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Virtue Ethics in Robotics: An ethics module to cultivate character and ethical reasoning

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2022 ASEE Annual Conference & Exposition


Minneapolis, MN

Publication Date

August 23, 2022

Start Date

June 26, 2022

End Date

June 29, 2022

Conference Session

Engineering Ethics Division: Approaches to Ethics Education (Part 1)

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Paper Authors


Erin Henslee Wake Forest University

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Dr. Erin Henslee is a Founding Faculty and Assistant Professor of Engineering at Wake Forest University. Prior to joining Wake Forest, she was a Researcher Development Officer at the University of Surrey where she supported Early Career Researchers publishing in the areas of inclusive researcher development. She has taught over 20 different engineering courses across a variety of institutions and departments. She has received teaching awards including WFU’s Innovative Teaching Teaching Award and KEEN’s Rising Star award. Her grants related to inclusive pedagogy include a recent Engineering Unleashed Fellowship and an NSF project on developing inclusive Making/Makerspace curriculum through faculty development and training. She is also passionate about open education resources (OER) and open pedagogy and using food/baking to explain STEM concepts.

She received her BS degrees in Engineering Science and Mechanics and Computational Mathematics from Virginia Tech, her MS degree in Biomedical Engineering from Virginia Tech - Wake Forest University, her PhD in Biomedical Engineering, and a graduate certificate in Teaching and Learning from the University of Surrey. Her current research spans cell electrophysiology, biomedical microdevices, cognitive control in e-sports, and STEM education.

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Adetoun Yeaman Wake Forest University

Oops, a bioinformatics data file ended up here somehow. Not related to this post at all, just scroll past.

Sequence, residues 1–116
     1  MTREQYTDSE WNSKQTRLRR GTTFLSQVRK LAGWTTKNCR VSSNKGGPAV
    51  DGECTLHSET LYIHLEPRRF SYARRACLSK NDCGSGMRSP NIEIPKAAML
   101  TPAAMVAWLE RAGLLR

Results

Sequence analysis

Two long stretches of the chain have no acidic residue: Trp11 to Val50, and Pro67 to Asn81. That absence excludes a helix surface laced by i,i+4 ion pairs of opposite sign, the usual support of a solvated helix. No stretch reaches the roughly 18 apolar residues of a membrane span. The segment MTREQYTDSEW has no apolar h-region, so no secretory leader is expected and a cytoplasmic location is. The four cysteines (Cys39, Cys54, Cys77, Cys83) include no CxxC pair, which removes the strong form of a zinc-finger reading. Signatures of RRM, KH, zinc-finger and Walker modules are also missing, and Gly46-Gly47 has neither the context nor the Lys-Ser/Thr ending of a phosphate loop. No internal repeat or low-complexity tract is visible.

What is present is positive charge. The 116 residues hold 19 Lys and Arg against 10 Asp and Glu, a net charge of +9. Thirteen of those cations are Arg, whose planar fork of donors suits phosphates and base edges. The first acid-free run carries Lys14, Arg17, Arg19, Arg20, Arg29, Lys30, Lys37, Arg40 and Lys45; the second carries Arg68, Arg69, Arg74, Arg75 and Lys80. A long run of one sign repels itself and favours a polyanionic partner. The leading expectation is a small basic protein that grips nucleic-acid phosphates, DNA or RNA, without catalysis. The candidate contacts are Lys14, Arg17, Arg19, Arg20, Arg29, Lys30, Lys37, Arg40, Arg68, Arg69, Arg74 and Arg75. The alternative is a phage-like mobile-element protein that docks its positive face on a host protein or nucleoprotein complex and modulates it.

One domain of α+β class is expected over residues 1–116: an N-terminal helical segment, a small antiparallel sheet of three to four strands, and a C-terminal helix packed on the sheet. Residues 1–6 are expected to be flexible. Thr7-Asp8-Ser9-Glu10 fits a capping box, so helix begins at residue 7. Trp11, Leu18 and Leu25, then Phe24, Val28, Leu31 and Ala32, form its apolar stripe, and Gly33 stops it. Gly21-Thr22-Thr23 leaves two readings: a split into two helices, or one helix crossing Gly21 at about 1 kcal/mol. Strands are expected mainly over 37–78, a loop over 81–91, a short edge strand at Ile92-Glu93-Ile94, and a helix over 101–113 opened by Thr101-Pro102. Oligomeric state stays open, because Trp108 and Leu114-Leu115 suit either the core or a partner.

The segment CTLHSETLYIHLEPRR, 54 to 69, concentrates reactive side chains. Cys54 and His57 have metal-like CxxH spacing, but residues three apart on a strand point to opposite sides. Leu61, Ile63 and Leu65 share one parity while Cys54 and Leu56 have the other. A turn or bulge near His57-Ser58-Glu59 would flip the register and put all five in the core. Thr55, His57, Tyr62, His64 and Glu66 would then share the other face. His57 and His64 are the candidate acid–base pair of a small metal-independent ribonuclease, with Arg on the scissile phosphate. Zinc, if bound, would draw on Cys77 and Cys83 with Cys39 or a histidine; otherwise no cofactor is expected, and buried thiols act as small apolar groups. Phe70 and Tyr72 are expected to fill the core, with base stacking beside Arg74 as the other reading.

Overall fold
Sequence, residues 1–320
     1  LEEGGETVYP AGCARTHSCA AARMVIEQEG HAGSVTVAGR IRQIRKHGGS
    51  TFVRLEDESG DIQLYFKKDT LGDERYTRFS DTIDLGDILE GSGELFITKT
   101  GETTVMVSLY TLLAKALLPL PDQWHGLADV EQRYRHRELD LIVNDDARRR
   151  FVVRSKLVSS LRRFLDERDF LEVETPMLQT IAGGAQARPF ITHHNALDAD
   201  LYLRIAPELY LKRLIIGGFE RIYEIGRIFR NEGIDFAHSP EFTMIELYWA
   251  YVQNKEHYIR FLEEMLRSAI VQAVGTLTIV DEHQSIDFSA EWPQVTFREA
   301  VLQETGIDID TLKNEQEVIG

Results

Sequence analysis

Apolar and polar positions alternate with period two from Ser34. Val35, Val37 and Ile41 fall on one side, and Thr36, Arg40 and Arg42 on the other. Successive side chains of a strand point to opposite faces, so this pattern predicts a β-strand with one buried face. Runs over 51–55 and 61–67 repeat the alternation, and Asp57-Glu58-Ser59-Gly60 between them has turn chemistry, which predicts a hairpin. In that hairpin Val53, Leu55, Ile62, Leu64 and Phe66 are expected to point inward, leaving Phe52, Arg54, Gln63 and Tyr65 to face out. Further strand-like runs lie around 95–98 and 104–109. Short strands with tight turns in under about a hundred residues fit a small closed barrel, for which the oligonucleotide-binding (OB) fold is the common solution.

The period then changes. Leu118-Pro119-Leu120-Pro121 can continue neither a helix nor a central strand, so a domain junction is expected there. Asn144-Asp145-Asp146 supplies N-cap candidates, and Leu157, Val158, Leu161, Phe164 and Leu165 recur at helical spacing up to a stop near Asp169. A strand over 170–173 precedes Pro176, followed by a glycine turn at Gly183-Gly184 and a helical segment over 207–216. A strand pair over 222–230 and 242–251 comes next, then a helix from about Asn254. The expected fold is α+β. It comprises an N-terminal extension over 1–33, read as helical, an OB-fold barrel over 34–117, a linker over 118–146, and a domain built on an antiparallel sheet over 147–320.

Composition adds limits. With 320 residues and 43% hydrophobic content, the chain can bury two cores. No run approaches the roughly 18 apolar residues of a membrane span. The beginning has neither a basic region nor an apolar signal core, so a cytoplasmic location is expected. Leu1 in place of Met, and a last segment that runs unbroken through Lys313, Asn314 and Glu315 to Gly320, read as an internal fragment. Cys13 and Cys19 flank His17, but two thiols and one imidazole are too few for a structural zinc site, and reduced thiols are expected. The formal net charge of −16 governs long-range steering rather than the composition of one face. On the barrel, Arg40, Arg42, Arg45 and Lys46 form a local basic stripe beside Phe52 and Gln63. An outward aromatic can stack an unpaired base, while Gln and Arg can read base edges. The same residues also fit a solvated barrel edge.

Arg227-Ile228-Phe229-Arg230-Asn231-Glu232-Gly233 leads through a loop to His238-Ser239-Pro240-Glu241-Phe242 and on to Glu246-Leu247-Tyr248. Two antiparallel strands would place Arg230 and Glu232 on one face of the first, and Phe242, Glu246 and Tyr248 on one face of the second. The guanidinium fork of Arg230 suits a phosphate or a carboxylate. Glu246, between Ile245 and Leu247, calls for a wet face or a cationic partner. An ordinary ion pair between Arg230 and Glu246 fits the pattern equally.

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Dr. Adetoun Yeaman is an engineering education postdoctoral fellow in the Department of Engineering at Wake Forest University where she supports the program in infusing character education across the four-year engineering curriculum. She received her doctorate from Virginia Tech and her research focused on understanding empathy in the experiences of undergraduate engineering students in service-learning programs. She has an M.S. degree in Mechanical and Nuclear Engineering and a B.S. degree in Biomedical Engineering, both from Virginia Commonwealth University. She has a strong interest in the ways that people interact and the role that engineering and technology play in society. To this end, she continues to promote social competencies, such as empathy, within engineering education and practice. Her research spans a variety of areas including empathy in engineering, character education, community engagement and design education. She is also passionate about helping young people find their place as valuable contributors in society and is enthusiastic about further fostering this passion in her current role, research and outreach experiences.

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Joseph Wiinikka-Lydon Wake Forest University

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A recent review of engineering ethics education found that current practices lead to shortcomings in emerging professionals across engineering disciplines. We have implemented a modular approach to engineering ethics, infusing character education throughout our curricula. While ethics education typically focuses on student decision-making during specific times of ethical dilemmas, character education focuses on the practice and acquisition of virtues that prepare students for those situations. Virtue ethics is the theoretical foundation of character education. Virtues of character are stable and enduring dispositions that enable us to think, feel, and act in morally good ways for morally good ends. Importantly, character virtues can be intentionally taught and developed by well-designed pedagogies. This serves two, simultaneous roles: (1) it allows students to reflect on- and develop their own character while (2) engaging in ethical discussions and decision-making. In this work in progress paper, we will describe the motivation for and integration of ethics into a senior-level Mobile Robotics course through weekly discussions, online discussion threads, and in-class discussions based on a weekly (student) discussion leader’s submission on an assigned topic. These topics were aimed to develop students' critical and ethical reasoning skills as well as character virtues such as creativity, intellectual humility, empathy, and practical wisdom. In this work, we will describe assignment independent rubrics for the assessment of student creativity and ethical reasoning. Students use the virtue framework in their ethical reasoning. This work in progress presents pilot data and analysis towards understanding how the module has affected student efficacy and performance in using the virtue framework as well as student perceptions of virtue in the AI profession.

Henslee, E., & Yeaman, A., & Wiinikka-Lydon, J. (2022, August), Virtue Ethics in Robotics: An ethics module to cultivate character and ethical reasoning Paper presented at 2022 ASEE Annual Conference & Exposition, Minneapolis, MN.

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